Almost half of the 269 startups and small companies are led by women or people of color at American Underground, a co-working community in Durham, North Carolina — 48 percent to be exact.
American Underground companies raised $39.4 million in 2017 — a record for the startup community and a 47.6 percent increase over 2016, Herald Sun reported.
“American Underground said that 30 percent of the companies based there are now led by a woman. Nationally, only 5 percent of tech startups are owned by women, according to advocacy group Women Who Tech.”
American Underground is one of nine North American tech hubs that partners with Google for Entrepreneurs. It has three coworking and community spaces, and holds events, training, and accelerator classes for rising startups. Google for Entrepreneurs provides tech content, business tools and infrastructure upgrades.
American Underground sent two area startups — Windsor Circle and Automated Insights — to the inaugural Google for Entrepreneurs Demo Day in Silicon Valley. Windsor Circle brought home the top prize and both startups received $100,000 investments from AOL Founder Steve Case following demo day.
Fastest growing vs. diverse leadership
Just 25 Southeastern companies made it onto Deloitte’s recently released annual Technology Fast 500 list. The list ranks the 500 fastest-growing public and private tech, media, telecom, life sciences, and energy tech companies in North America, based on revenue growth over three years.
Out of the 25 Southeastern companies that made Deloitte’s Fast 500, 19 are from the Atlanta metro region, according to Hypepotamus. Five of the 25 companies are from North Carolina and one is from South Carolina. You can see all 25 here.
Software dominates the Southeast companies recognized by Deloitte, with 17 out of the 25 identifying as software companies — higher than the overall industry results. The second-highest industry category is digital content/media/entertainment, with three Southeastern companies.
Growing visibility of Southeast tech startups
Durham is growing as a destination for national investors, said Doug Speight, who leads an American Underground co-working space. “Our companies are obtaining a lot more visibility with investors around the country, and we are seeing a lot more (fund)raises from larger markets,” he said in a Herald Sun report. “It’s a great sign for the region in terms of capital availability.”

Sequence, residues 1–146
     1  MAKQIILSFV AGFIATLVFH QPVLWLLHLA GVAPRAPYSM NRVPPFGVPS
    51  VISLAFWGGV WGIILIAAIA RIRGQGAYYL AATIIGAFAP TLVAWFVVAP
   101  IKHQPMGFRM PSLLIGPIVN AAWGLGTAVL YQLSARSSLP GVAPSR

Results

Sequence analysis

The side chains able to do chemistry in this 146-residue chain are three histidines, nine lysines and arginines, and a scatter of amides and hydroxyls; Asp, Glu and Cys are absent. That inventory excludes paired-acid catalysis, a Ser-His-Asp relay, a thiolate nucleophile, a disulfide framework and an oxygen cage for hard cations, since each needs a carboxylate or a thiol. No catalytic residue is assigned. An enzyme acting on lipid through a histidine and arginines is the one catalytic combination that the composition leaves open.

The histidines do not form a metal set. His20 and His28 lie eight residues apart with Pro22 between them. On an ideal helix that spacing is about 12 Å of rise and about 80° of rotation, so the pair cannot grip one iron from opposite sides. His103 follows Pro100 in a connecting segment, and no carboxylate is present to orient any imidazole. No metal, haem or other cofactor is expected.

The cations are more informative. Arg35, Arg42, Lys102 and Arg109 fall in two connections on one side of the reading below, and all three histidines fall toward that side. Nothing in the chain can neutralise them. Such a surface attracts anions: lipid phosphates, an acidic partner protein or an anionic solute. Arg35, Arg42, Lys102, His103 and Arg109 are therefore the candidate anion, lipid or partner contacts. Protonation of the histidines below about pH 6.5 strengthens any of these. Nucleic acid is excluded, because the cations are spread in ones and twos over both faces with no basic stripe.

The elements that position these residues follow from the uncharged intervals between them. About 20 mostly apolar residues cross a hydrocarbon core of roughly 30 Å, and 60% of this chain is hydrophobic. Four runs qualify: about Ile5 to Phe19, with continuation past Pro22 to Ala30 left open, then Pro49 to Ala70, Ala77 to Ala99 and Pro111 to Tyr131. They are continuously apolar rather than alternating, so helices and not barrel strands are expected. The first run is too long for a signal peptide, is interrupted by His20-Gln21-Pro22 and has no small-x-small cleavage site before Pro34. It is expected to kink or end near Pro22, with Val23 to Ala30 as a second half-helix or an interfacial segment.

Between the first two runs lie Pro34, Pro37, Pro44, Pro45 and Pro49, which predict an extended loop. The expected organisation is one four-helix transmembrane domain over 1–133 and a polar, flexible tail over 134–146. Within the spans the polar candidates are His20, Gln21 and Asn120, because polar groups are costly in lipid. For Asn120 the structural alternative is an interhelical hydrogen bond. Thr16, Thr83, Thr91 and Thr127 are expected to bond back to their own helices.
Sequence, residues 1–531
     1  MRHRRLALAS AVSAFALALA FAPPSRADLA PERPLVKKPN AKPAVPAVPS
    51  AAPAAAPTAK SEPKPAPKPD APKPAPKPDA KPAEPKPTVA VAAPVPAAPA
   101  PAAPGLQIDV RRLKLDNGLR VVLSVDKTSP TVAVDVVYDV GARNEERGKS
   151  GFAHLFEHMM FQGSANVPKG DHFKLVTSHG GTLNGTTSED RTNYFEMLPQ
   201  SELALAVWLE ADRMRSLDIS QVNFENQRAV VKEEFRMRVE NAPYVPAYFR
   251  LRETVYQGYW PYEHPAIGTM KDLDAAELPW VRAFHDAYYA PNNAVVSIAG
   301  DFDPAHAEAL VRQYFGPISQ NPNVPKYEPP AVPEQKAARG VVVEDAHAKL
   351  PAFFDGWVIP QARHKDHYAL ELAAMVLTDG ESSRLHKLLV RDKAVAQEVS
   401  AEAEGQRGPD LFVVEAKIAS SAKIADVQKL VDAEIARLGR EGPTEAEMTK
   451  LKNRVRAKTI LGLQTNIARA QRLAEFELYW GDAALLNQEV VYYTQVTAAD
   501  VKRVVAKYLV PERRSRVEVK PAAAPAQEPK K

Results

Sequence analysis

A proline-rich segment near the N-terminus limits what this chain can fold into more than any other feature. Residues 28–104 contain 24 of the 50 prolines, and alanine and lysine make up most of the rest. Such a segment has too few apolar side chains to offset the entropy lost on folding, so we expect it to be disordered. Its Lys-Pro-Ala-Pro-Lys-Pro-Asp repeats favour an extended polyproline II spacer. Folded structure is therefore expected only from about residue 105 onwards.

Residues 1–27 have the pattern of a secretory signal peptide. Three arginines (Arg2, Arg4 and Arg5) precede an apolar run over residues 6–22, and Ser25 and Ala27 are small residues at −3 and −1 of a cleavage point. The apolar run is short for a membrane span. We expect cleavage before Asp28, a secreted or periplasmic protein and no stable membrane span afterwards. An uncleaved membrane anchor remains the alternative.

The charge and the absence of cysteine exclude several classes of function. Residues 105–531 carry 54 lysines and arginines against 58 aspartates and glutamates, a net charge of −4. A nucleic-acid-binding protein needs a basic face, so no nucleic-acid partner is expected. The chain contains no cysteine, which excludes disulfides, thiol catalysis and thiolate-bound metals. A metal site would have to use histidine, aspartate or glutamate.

American Underground partners with Google to host an annual summit for black-led companies that brings black-led startups and large venture capital firms from across the country to Durham for a week.
“There is an appetite for investing in women and people of color (right now), and there is an eye toward diverse investment,” Speight said.
SpokeHub — a social media and chat room-like communication app— hit Apple and Google Play stores this month. Its five African American founders are Durhamites with a long history in the region, according to Wral Tech Wire.
The Spokehub team was one of 12 teams that participated in the first Google for Entrepreneurs Exchange: Black Founders program in 2016 hosted by American Underground.
The founders include Richard Berryman III, Robert Hartsfield, John York, John McAdory, and Terry Johnson. Durham startup teams and their leadership are increasingly diverse, Wral Tech reported.
York got the idea for SpokeHub while attending a local high school basketball game. When the referees made a call the fans didn’t agree with, he wanted to chat with others int the gym about the play and subsequent call. His social media network didn’t align with those in the room. Posting on Facebook or Twitter would have confused his friends and not provided the conversation he wanted.
SpokeHub is a room or channel where people with shared interests or who are at the same events can engage meaningfully with each other.
Dana Sanchez is the editor of Moguldom.com and AFKInsider.com. She has worked in digital and print news media as a business writer and news editor. She has a master's degree in mass communications from the University of South Florida. Prior to working in news, Dana worked in advertising.